If I need to be in the lab running an experiment, I can’t telecommute. If I need to be in class, no telecommuting. Meetings, presentations, and group work also require my presence in the flesh, on campus. However, on days when I’m running Matlab programs, making plots and sending emails, the wonders of technology mean I can be anywhere. And if I’m bringing results to the table week after week. The “where” is not a problem.

Wander down to the coffee shop? Sure. But I never do. I find my little folding table under the window is sufficiently isolated, and stimulating to provide for a full day of productivity. Certainly, it’s far superior to hours spent under the vent blowing bad air into the cinder-block cave that is my office on campus.

On the other side of an improved state of being and productivity, louder music and a zero-emission commute there are the pitfalls and hazards. Most notable, is that by not being on campus I miss stuff. Events, seminars, lingering conversations in the hallway, or time commiserating with my group mates about the daily tribulations of graduate school. Considering the usual graduate M.O. is working until 5 AM, caffeine binges, and late night fast food, this can be serious missed bonding time. On second thought, that’s not my typical schedule regardless of work location…

Anyway, the point is that balance is the key for anyone considering and able to telecommute. I can’t, and won’t do it every day of the week, and I shouldn’t. But on some days, like today, it’s great to stay out of the pollen while getting just as much done as I would anywhere else.

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I picked the wrong week to start bike commuting.

Last weekend, the trees unleashed a storm of pollen that has been terrorizing the area. Pollen has become so prolific that I’m afraid there might soon be trees sprouting out from between the keys of my laptop. It’s on every surface, and it’s getting kicked up with the wind forming little pollen-devils and pollen-clouds. It’s as bad as a sand storm in the desert.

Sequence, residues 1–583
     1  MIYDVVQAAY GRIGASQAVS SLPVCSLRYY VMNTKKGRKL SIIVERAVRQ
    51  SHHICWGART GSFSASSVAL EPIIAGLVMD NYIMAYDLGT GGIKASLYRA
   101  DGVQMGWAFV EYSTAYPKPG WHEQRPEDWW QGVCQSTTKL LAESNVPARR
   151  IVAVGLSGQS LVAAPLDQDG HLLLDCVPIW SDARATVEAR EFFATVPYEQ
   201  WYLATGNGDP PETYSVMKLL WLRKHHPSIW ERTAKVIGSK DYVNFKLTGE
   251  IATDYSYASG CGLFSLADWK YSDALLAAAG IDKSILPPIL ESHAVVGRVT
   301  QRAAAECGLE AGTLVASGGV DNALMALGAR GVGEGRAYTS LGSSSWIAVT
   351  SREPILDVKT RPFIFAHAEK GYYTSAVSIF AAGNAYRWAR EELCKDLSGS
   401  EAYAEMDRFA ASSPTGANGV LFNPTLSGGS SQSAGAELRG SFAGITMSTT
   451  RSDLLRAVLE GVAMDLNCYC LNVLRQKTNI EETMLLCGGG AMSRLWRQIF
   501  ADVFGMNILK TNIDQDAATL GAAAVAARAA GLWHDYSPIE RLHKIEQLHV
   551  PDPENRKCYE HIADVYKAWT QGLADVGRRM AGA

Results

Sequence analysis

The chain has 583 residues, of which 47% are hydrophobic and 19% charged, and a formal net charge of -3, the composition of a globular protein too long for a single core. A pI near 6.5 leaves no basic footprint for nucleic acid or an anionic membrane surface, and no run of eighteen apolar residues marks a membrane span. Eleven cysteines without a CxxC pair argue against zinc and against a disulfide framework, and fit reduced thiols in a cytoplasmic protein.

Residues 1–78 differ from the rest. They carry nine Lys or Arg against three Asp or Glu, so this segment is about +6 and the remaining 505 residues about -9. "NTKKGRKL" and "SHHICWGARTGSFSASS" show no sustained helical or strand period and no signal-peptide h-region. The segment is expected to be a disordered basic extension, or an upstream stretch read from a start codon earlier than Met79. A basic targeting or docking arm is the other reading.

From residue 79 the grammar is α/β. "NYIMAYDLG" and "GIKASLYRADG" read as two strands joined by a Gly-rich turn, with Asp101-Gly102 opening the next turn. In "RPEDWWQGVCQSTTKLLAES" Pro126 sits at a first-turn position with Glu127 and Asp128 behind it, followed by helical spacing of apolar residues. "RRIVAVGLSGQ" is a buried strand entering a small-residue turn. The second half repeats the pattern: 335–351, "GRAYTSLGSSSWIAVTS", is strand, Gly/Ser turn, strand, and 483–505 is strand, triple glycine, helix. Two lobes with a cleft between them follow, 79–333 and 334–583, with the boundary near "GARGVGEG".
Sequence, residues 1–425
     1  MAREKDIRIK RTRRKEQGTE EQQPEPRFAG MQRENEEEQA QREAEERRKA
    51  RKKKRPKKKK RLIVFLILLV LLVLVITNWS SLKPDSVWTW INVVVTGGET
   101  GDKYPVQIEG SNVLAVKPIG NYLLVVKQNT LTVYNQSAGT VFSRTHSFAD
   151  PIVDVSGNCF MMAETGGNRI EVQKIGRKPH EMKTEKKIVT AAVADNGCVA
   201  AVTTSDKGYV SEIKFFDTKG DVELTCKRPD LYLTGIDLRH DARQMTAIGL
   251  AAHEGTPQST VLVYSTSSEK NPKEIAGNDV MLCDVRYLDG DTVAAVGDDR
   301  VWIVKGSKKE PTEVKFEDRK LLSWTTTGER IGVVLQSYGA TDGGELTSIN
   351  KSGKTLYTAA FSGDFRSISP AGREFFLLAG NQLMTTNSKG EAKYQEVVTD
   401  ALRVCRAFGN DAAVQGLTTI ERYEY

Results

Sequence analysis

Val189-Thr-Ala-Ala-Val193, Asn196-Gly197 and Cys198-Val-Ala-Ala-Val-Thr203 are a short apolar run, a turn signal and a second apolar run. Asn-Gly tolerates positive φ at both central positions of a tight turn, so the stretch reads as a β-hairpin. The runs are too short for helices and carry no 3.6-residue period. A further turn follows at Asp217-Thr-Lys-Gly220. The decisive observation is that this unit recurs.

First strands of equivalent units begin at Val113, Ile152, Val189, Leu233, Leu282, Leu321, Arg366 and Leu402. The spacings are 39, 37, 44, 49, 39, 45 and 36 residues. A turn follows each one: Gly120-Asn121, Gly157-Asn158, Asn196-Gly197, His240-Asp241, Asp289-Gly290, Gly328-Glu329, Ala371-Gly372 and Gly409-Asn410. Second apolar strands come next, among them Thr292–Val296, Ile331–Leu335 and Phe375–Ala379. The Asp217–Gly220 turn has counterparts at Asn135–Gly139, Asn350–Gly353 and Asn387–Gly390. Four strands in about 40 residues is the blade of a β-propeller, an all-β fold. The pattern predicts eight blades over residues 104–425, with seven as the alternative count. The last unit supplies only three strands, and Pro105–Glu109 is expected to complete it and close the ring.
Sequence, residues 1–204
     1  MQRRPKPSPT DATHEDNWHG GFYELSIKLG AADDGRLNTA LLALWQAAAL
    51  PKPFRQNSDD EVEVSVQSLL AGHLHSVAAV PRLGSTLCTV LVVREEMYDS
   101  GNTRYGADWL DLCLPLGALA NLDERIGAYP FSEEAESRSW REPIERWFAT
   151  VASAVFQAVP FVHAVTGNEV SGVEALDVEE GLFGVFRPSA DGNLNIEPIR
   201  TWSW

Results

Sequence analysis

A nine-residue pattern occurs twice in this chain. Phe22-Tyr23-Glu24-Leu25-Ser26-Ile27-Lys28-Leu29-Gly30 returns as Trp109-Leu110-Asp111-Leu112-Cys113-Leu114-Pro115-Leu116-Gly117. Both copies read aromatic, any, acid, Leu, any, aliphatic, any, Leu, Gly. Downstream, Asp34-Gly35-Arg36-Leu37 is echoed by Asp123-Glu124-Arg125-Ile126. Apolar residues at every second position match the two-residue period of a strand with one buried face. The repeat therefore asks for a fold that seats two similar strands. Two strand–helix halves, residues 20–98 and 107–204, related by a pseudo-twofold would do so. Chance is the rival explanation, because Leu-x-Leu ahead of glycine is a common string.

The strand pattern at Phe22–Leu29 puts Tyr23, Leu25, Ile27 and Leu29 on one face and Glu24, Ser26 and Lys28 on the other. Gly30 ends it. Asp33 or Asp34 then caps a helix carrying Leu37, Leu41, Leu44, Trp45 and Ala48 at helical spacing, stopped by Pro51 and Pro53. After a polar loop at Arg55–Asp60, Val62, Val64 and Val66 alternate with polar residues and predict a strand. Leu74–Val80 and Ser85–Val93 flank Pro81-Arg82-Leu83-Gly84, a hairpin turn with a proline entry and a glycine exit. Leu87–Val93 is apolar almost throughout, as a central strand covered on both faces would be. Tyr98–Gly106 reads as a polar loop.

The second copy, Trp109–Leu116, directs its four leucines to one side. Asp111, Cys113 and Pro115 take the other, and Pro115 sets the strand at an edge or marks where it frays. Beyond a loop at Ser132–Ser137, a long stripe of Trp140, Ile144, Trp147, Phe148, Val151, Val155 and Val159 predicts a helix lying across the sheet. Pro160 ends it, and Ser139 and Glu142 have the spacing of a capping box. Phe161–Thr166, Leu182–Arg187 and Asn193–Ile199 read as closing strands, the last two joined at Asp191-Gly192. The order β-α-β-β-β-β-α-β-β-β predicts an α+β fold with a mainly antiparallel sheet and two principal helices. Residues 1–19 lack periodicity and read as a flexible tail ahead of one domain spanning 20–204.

To say the least, this is not ideal conditions for biking. I hadn’t even left my neighborhood today before I was wondering how many gallons of saline it was going to take to flush the pollen cakes out of my eyes. Though I’m still coughing, and rubbing my eyes, I’ll try to move past all that and focus on some of the thoughts spurred by the beginning of this experiment.

I’ll start off by saying I don’t recommend bike commuting to everyone. I happen to already be a fair-weather cycling enthusiast. I own a bike, helmet, and appropriate gear. I’m in decent shape. I’m thinking of this adventure not as a great tidal shift, but as providing some impetus for an activity that I’ve always thought about doing, and have wanted to do for some time.

Day one is a good idea to consider a route. If you’re thinking you’ll just navigate over to the new google.maps “by bike” capability — not so fast! In the Durham/Chapel Hill area, this will not always get you on a safe, repeatable route. For instance, it put me right onto 15/501 from I-40 to Academy Rd. Anyone who’s ever driven this 45 mph stretch, currently with construction, has thought to themselves: Now, why isn’t this a highway? It’s a box store wasteland, with stoplights and traffic that won’t quit, especially during commuting hours.

Being somewhat familiar with the surface roads, I chose to follow the same path I drive to work, down Old Erwin. It’s still pretty busy, but it has some shoulder, and a nicer view.

To avoid major overlap with the morning traffic rush, I sent off a few emails from the home office before gathering the bike supplies and hitting the road. I encountered fewer cars, but at least one large truck, which I will admit, is a scary experience.

The ride home, which I did not time as well, was an experience being on the other end of the line of commuters waiting patiently for the first car to work up the nerve and space to sneak around the biker. Unfortunately, even if I’m going a blazing 25 mph (kinda fast on a bike), that’s an agonizing crawl to the internal combustion community.

So, here are some thoughts from the first day: